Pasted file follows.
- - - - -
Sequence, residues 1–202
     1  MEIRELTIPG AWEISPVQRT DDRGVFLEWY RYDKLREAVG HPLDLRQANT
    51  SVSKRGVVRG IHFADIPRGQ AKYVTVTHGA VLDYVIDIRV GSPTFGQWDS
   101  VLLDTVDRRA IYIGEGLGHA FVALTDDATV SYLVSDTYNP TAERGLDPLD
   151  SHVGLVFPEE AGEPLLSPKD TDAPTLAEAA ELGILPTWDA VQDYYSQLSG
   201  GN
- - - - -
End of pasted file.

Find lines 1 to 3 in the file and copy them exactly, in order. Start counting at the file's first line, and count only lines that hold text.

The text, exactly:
Sequence, residues 1–202
     1  MEIRELTIPG AWEISPVQRT DDRGVFLEWY RYDKLREAVG HPLDLRQANT
    51  SVSKRGVVRG IHFADIPRGQ AKYVTVTHGA VLDYVIDIRV GSPTFGQWDS